THE headteacher of a Basingstoke secondary school believes young people are given mobile phones and other gadgets at too young an age.
Julie Churcher spoke to The Gazette in response to a study conducted by children’s charity The NSPCC about the increase in
‘sexting.’ This is when someone sends a text message of a sexual content on their phone – something which The NSPCC said is increasing among teenagers.
Although Mrs Churcher, head at Aldworth Science College, in Western Way, said she has not been made aware of this happening at her school, she is concerned about the findings of the study, and
said: “It’s something that we need to take seriously.”
The study showed that teenage girls are subject to peer pressure from boys, constantly demanding sexual images.
Jon Brown, head of the sexual abuse programme at the NSPCC, said: “What’s most striking about this research is that many young people seem to accept all this as just part of life. But it can be
another layer of sexual abuse and, although most children will not be aware, it is illegal.
“Girls should never be forced to carry out sex acts, and boys must understand it’s not acceptable to put them under such duress.”
The charity hopes parents, teachers, industry and other professionals will work together to give victims the protection they need.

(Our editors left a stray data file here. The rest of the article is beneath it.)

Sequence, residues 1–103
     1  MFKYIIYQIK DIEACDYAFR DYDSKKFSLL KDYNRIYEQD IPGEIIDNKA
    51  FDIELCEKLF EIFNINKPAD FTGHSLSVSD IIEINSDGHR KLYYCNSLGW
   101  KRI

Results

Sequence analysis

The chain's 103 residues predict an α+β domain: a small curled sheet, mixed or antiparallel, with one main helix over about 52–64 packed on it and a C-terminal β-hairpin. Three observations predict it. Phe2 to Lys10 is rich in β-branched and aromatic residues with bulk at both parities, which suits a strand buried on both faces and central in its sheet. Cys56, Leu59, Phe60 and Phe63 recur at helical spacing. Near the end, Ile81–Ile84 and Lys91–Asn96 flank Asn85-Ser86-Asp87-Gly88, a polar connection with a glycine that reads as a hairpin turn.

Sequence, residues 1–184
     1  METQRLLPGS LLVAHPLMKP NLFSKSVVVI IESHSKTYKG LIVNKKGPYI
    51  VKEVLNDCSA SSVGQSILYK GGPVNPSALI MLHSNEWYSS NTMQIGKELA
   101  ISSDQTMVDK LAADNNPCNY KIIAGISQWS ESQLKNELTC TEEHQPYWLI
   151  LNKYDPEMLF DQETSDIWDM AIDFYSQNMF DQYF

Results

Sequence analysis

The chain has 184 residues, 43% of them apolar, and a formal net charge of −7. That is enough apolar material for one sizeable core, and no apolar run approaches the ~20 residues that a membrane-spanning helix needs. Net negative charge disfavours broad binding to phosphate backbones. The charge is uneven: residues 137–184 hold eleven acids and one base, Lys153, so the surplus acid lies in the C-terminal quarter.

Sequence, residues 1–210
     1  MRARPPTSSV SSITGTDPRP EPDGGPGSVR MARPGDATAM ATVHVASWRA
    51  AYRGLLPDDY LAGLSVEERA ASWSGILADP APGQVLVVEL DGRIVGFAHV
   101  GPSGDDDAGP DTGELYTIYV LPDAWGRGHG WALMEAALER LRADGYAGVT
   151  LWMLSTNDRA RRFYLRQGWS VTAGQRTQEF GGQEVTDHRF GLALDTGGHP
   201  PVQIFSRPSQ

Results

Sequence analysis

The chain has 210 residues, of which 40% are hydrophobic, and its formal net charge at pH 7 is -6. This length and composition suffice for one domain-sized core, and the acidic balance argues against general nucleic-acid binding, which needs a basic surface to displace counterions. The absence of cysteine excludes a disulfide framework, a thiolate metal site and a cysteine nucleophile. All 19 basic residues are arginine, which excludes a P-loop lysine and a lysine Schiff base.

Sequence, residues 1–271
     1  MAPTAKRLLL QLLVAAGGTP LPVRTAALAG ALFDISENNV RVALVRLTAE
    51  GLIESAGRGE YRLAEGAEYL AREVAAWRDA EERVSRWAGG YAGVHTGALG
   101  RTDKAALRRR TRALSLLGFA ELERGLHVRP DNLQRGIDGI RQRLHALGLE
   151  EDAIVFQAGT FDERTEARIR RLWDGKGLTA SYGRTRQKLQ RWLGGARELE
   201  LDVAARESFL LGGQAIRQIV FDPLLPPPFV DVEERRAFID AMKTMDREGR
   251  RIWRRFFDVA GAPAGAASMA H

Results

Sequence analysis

Mrs Churcher said: “We do talk to children about the proper use of emails and we also try to follow up where we can with issues, mainly friendship ones, in relation to Facebook.
“I think parents and schools need to educate children about the dangers of electronic gadgets. My personal view is that children are given access to these things at too early an age.”
The use of mobile phones by pupils is banned during the school day at Aldworth after a new policy was introduced in September last year. If a pupil’s phone is confiscated, it has to be collected by
Mrs Churcher said: “This protects them (the pupils) and means it’s not disruptive to learning.”
The NSPCC is now calling for all professionals to receive training in the latest technology so they are better equipped to deal with ‘sexting.’ It also wants secondary schools and the communication
industry to give young people better protection through education promoting considerate, respectful relationships, and for parents to talk to their children about the issue.